A Walker in the City

A Walker in the City

by Alfred Kazin
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Overview

A Walker in the City by Alfred Kazin

A literary icon’s “singular and beautiful” memoir of growing up as a first-generation Jewish American in Brownsville, Brooklyn (The New Yorker).
 
A classic portrait of immigrant life in the early decades of the twentieth century, A Walker in the City is a tour of tenements, subways, and synagogues—but also a universal story of the desires and fears we experience as we try to leave our small, familiar neighborhoods for something new.
 
With vivid imagery and sensual detail—the smell of half-sour pickles, the dry rattle of newspapers, the women in their shapeless flowered housedresses—Alfred Kazin recounts his boyhood walks through this working-class community, and his eventual foray across the river to “the city,” the mysterious, compelling Manhattan, where treasures like the New York Public Library and the Metropolitan Museum beckoned. Eventually, he would travel even farther, building a life around books and language and literature and exploring all that the world had to offer.
 
“The whole texture, color, and sound of life in this tenement realm . . . is revealed as tapestried, as dazzling, as full of lush and varied richness as an Arabian bazaar.” —The New York Times

Product Details

ISBN-13: 9780547546360
Publisher: Houghton Mifflin Harcourt
Publication date: 03/19/1969
Sold by: Barnes & Noble
Format: NOOK Book
Pages: 192
Sales rank: 596,360
File size: 1 MB

About the Author

Alfred Kazin (June 5, 1915–June 5, 1998) was an American writer and literary critic, many of whose writings depicted the immigrant experience in early twentieth century America. Kazin is regarded as one of “The New York Intellectuals,” and like many other members of this group he was born in Brooklyn and attended the City College of New York. However, his politics were more moderate than most of the New York intellectuals, many of whom were socialists. He wrote out of a great passion—or great disgust—for what he was reading and embedded his opinions in a deep knowledge of history, both literary history and politics and culture. He was a friend of the political theorist Hannah Arendt. In 1996 he was awarded the first Truman Capote Lifetime Achievement Award for literary criticism.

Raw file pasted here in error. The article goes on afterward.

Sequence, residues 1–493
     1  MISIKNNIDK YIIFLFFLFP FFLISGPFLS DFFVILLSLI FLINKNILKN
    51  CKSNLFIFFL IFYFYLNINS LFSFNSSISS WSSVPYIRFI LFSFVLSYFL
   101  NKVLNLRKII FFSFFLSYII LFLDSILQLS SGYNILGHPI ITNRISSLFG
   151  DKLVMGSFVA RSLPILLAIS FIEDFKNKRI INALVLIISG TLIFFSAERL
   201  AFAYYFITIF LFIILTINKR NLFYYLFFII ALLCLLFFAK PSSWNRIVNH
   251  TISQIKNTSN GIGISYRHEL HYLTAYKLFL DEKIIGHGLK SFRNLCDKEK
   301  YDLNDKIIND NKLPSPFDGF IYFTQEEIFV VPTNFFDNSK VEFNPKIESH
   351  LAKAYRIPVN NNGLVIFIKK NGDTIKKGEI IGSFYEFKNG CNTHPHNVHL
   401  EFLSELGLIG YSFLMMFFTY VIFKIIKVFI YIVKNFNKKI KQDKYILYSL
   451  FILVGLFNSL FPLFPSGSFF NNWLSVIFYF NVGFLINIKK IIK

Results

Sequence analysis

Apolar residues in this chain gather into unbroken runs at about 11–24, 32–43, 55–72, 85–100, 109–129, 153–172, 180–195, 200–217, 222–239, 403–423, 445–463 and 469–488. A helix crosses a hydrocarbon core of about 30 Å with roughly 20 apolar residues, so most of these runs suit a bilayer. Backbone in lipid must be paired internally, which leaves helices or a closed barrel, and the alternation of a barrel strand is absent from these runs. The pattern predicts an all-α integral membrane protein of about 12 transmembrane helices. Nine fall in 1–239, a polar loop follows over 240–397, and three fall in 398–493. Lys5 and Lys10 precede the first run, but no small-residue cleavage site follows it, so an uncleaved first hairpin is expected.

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A Walker in the City 3 out of 5 based on 0 ratings. 3 reviews.
Guest More than 1 year ago
The journey from Brooklyn to Manhattan appears on any map to be measurable in mere miles. But when considered as passage from a daily struggle for rent, dinner and a somnabulant few hours of mass entertainment across the bridge to cosmopolitan engagement with art, politics and history, it defies quantification. The Web has made this whimsical book utterly metaphorical; all to the good, I think.
DenBur More than 1 year ago
I think it was a very unusual book but readable and an insight into NY at the beginning of the last century. What life was like and how people lived back then what
Anonymous More than 1 year ago
They are so listed as being in mags and rewritten they are very dated for the n.y. of his childhoid had street gas lights ill are very tiny